Catch of the day

Winter is the best season for cooking fish.

March 11, 2015 13:10

Seared fillet of mullet on cream of spinach. (photo credit: BOAZ LAVI)

Contrary to popular belief, winter is the best season for fish. Chef Amos Sion, whose fish restaurant Helena in the Port is located in the picturesque harbor of old Caesarea, says that the storms and high waves that prevent fishermen from going out daily produce great catches, allowing fishermen to choose only the large fish and leave the small ones to grow.

Sion loves preparing fish during the winter.

He says that during the winter months he takes advantage of the abundance of small fish such as sardines, which are cheaper now and so delicious.

“You’d be surprised at how different the flavor is to what you’re used to eating from a can,” he says.

During the winter months, he serves his patrons dishes prepared with traditional artisanal techniques, using his stone oven that he heats with local oak and olive wood, as well as curing and smoking techniques and fresh produce from local growers. The diners are invited to sit by the windows, watching the stormy sea while enjoying his delicacies.

If you want to try your hand at preparing fish, the chef suggests that you find a good fishmonger that you can trust, and always check the fish for freshness before you let him scale it. How do you know if a fish is fresh? Sion says the eyes should be clear, the flesh firm and the skin shiny.

The smell should not be “fishy” but should have the scent of the sea.

✔ ½ butternut squash, peeled and sliced
✔ 2 carrots, peeled and sliced
✔ 1 potato, peeled and sliced
✔ 2 leeks, washed, sliced, white part only
✔ 1 cup white wine
✔ 1 Tbsp. tomato paste
✔ 3 cloves garlic, sliced
✔ 1 celeriac root, peeled and sliced
✔ 2 parsley roots, peeled and sliced
✔ 1 cup chickpeas, soaked in water overnight (or pre-cooked frozen)
✔ 1 sea fish, filleted (set aside the head and bones)
✔ ½ cup arak or other anise drink
✔ 1 Tbsp. flour
✔ 2 Tbsp. olive oil
✔ 2 liters water
✔ Zest of 1 orange
✔ 3 bay leaves
✔ 6 saffron threads (the soup is also good without the saffron but much better with it)

Sauté the sliced vegetables and garlic in the olive oil. Add the tomato paste and mix, then add the flour and stir fry. Be careful not to let it burn. Add the arak and, using a wooden spoon, scrape the bottom of the skillet.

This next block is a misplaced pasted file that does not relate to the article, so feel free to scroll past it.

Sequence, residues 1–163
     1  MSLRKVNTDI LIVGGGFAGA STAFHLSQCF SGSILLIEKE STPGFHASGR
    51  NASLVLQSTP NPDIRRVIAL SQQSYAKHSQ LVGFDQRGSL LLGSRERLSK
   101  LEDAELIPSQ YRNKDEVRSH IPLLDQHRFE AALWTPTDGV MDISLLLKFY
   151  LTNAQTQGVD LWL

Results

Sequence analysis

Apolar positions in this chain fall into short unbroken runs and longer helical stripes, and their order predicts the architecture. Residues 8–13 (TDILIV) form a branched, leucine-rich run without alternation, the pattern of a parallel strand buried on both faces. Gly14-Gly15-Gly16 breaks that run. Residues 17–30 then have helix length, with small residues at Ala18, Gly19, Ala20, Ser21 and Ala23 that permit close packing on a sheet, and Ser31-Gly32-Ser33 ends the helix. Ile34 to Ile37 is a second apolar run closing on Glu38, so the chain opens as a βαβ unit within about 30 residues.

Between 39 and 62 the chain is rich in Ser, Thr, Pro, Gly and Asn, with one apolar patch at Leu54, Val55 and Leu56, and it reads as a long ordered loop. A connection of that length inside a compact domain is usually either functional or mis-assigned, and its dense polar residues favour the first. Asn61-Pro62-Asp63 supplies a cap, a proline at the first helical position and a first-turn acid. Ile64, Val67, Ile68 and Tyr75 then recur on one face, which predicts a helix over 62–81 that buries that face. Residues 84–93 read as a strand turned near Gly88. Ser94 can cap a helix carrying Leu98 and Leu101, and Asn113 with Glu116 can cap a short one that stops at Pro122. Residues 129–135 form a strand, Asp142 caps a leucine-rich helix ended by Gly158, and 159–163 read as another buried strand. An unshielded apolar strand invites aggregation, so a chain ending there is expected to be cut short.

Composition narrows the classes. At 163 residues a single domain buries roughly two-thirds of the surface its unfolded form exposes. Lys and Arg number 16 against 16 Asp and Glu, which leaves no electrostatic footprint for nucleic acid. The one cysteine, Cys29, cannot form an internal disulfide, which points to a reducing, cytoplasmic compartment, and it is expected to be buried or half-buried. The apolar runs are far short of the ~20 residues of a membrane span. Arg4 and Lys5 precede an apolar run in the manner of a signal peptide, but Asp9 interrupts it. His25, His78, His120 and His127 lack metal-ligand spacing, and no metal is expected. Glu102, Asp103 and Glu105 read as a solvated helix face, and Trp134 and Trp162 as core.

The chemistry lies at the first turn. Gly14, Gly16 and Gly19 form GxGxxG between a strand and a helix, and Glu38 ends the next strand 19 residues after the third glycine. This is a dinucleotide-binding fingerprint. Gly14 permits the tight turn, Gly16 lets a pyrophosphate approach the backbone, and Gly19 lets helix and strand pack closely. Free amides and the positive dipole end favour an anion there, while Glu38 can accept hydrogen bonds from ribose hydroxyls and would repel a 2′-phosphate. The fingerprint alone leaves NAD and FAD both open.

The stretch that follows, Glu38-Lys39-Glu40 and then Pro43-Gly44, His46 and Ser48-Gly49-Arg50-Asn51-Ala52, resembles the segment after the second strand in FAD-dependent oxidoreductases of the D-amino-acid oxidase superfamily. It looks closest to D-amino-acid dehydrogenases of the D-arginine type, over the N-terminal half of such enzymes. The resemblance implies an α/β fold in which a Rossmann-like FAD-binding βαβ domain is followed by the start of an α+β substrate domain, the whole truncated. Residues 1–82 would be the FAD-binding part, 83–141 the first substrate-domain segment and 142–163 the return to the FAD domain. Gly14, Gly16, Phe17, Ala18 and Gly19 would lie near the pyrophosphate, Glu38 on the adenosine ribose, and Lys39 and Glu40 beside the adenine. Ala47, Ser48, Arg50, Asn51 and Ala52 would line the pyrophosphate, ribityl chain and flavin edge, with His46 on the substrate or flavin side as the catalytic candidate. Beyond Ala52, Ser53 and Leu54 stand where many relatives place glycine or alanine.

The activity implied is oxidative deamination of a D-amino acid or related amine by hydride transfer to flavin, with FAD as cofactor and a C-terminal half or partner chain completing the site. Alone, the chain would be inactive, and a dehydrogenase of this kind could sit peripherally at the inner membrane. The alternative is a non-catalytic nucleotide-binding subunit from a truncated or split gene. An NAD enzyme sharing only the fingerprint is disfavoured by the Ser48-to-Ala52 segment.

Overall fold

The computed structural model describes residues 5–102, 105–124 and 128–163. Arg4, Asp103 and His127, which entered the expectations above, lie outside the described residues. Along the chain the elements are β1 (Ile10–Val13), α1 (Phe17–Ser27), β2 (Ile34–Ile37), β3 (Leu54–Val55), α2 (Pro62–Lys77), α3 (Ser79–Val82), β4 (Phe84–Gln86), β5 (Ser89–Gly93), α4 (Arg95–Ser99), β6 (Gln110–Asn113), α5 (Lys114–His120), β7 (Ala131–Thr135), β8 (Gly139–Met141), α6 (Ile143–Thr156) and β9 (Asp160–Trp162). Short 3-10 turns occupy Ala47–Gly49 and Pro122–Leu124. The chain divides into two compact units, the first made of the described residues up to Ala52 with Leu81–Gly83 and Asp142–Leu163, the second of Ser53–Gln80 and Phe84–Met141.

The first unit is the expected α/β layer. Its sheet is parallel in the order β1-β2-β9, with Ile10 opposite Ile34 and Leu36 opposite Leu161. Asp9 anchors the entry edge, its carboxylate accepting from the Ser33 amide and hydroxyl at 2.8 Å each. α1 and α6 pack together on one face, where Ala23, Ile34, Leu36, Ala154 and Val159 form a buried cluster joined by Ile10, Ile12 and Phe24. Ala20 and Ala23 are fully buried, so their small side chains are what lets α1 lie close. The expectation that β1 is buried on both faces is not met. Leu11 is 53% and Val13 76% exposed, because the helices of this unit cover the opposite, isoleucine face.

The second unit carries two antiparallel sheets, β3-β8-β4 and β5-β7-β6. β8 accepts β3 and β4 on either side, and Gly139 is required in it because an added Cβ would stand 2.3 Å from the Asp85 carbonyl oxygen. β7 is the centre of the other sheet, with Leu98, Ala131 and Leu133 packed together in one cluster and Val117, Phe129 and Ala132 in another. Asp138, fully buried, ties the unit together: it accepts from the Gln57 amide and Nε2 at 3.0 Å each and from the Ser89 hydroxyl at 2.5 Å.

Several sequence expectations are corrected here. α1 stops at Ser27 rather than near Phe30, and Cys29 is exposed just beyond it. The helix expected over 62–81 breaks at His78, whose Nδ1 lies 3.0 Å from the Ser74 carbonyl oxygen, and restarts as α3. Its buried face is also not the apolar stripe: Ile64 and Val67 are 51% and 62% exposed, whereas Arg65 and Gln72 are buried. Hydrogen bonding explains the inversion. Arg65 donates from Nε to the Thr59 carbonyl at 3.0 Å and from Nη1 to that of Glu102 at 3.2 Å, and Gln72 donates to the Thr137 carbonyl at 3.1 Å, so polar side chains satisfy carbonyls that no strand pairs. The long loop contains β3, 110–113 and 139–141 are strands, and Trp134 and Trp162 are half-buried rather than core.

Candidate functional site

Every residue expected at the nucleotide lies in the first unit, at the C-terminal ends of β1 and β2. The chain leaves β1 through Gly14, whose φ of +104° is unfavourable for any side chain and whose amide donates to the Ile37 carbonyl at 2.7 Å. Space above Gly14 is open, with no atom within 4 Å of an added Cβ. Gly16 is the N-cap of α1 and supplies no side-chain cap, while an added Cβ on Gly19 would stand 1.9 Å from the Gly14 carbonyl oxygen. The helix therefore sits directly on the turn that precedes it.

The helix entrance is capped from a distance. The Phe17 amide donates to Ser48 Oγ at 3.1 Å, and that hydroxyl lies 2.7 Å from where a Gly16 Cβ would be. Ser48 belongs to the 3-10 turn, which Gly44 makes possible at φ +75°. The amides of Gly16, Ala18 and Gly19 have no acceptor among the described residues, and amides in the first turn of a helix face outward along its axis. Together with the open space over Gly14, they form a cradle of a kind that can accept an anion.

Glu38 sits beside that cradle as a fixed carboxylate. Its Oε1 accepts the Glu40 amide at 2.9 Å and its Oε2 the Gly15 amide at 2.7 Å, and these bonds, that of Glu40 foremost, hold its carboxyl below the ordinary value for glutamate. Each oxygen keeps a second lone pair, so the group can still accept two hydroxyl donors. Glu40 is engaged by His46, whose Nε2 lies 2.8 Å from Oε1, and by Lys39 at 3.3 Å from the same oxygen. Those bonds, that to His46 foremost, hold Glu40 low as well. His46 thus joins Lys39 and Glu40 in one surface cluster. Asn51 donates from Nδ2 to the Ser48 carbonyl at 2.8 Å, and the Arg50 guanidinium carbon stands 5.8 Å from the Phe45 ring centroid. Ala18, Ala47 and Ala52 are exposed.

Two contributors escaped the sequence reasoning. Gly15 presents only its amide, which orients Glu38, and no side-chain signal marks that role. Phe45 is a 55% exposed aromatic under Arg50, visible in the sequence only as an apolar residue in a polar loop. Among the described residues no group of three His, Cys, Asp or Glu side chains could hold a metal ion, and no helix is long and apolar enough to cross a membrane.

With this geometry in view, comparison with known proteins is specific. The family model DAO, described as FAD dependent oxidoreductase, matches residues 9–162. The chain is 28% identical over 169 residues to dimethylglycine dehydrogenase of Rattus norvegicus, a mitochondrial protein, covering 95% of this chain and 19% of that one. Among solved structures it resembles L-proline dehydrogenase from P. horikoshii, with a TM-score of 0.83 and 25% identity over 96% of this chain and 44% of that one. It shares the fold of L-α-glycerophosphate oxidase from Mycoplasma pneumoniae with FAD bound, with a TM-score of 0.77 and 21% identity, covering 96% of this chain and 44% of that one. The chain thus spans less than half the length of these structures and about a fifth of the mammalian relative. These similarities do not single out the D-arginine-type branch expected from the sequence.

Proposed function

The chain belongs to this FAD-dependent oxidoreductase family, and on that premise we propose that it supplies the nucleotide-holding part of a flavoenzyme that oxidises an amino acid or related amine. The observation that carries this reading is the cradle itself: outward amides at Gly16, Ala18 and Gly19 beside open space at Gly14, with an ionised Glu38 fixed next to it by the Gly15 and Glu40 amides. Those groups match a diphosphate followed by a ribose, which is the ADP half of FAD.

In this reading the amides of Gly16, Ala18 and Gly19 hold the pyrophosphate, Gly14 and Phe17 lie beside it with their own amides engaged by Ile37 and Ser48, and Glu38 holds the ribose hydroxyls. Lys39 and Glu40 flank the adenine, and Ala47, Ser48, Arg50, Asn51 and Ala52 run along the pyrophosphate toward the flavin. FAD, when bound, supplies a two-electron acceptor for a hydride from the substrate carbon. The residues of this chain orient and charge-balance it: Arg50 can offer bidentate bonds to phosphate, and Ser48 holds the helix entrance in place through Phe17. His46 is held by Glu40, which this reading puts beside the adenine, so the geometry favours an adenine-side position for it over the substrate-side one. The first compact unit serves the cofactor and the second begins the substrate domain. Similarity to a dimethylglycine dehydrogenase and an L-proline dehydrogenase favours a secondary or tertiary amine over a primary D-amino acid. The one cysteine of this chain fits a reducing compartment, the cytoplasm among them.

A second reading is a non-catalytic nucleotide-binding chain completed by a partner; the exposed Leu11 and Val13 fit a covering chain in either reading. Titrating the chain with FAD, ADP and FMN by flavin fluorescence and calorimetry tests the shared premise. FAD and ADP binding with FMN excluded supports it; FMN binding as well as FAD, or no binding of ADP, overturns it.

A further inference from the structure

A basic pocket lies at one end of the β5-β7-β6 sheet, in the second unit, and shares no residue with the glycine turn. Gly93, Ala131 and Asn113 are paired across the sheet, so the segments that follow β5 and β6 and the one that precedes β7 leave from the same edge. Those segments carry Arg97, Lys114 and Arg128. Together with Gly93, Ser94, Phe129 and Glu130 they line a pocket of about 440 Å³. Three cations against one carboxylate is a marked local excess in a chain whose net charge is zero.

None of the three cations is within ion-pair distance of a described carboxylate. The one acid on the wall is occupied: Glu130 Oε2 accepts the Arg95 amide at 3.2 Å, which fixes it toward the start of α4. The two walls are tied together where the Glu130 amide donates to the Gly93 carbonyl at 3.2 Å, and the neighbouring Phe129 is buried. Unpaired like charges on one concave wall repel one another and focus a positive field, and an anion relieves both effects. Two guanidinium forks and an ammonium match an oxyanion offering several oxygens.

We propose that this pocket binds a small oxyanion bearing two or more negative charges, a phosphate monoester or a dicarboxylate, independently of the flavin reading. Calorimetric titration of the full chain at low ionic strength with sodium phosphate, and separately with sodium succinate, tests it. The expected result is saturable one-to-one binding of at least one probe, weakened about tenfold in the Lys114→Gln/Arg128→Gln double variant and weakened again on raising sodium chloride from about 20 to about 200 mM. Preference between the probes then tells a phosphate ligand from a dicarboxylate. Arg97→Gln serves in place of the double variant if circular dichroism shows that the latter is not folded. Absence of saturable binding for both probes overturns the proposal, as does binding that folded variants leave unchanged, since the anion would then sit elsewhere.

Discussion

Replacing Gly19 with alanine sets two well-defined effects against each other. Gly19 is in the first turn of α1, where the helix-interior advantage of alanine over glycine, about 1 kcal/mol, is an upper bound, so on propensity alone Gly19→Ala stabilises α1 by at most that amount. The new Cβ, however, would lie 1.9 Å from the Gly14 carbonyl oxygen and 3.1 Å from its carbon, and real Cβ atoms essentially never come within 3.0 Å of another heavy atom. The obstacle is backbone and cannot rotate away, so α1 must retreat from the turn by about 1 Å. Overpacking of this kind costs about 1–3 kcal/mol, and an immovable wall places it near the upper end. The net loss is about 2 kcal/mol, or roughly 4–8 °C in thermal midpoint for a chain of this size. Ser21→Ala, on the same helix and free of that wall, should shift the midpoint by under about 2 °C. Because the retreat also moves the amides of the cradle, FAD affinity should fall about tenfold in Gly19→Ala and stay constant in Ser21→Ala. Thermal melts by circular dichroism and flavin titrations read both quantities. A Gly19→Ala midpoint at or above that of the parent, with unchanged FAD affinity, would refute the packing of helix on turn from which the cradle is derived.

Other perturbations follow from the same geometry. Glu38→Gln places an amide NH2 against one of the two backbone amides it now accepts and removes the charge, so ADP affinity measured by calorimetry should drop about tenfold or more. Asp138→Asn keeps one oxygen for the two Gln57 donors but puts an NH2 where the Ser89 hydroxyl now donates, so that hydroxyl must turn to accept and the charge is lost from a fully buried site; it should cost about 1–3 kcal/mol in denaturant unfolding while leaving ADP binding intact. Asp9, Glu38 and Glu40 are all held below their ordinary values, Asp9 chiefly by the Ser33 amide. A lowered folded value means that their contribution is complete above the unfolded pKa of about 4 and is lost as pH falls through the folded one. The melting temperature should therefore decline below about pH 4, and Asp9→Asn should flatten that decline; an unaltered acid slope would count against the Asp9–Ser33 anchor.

Add the white wine and saffron. Add the fish bones and head, the bay leaves and water. Bring to a boil. Reduce the heat and simmer for 30 minutes. Remove the bones and bay leaves, add the fish and the orange zest and cook for 10 more minutes.

Serve in bowls with a few drops of olive oil and garnish with parsley.

Serves 2
✔ 400 gr. fillet of bass (2 fillets per portion)
✔ Olive oil

For the bean paste
✔ 300 gr. lima beans, soaked overnight, cooked and peeled
✔ ½ cup raw tehina
✔ 2 cloves garlic, minced
✔ 1 bunch parsley, chopped
✔ 1 tsp. salt
✔ Juice of 1 lemon
✔ ¾ cup cold water

For the salad
✔ 1 fennel, very thinly sliced
✔ 1 lemon, filleted
✔ 3 Tbsp. pitted olives
✔ ½ cup parsley leaves
✔ 2 Tbsp. olive oil
✔ Salt

To prepare the bean paste: Using a mortar and pestle (or a food processor), pulverize all the ingredients, gradually adding water.

If you are using a food processor, work it in pulses so as not to overwork it. The spread should not be too smooth.

In a skillet with very little oil, sear the fish fillets on the skin side for 2 minutes. Turn over and cook for 2 more minutes.

Spread the bean paste on each plate and arrange the fish fillets on top.

Toss together all the salad ingredients and place a small mound of salad on the fish.

Serves 4
✔ 1 bunch spinach
✔ 1 onion, thinly sliced
✔ 1 garlic clove, sliced
✔ 2 dried juniper seeds (available in spice shops)
✔ Salt
✔ Nutmeg
✔ ½ cup cream
✔ 2 Tbsp. olive oil
✔ 4 fillets of white fish such as mullet (buri in Hebrew)
✔ 2 sprigs fresh thyme or 2 tsp. dry thyme
✔ Olive oil for frying

To prepare the cream:
Sauté onion in 2 Tbsp. olive oil until transparent. Add the garlic and juniper, and then add the washed spinach and cook until spinach leaves wilt, about 6 minutes. Add the cream and cook for 4 more minutes.

Season the cream with salt and nutmeg to taste. Transfer to the food processor and grind until smooth.

When cream is ready, season fish with kosher salt and thyme and heat a little olive oil in a skillet. Sear the fish, skin side down, for 3 minutes. Carefully turn over and cook for 3 more minutes on the other side.

To serve: Pour the cream on the serving plates and place the fish on top.

Serves 4

For the sauce
✔ 1 cup white wine
✔ A few saffron threads
✔ 1 Tbsp. butter
✔ 1 garlic clove, sliced
✔ 2 zucchini (or squash)
✔ 2 large carrots, peeled
✔ 4 tsp. fresh or dried rosemary
✔ 4 fillets of barramundi or other white fish
✔ 4 slices of goat’s cheese (optional)

To prepare the sauce: In a pot, cook saffron and garlic in the wine until it is reduced to half of the quantity. Add butter, stir and remove from heat.

Using a peeler, prepare wide “pasta” from the carrots and zucchini. When ready to serve, heat the sauce and very briefly cook the faux pasta in the sauce, only until coated with the sauce.

Season the fish with salt and rosemary.

Heat a little oil in a skillet and sear the fish 3 minutes on the skin side; turn over and cook the other side 3 minutes.

Place the vegetable strips on the plate, add 1 fillet of fish per person. If you desire, place 1 slice of goat’s cheese on each fillet.

Recipes and photos courtesy of Helena in the Port and chef Amos Sion, Caesarea, (04) 610- 1018. Open daily from noon. Not kosher.

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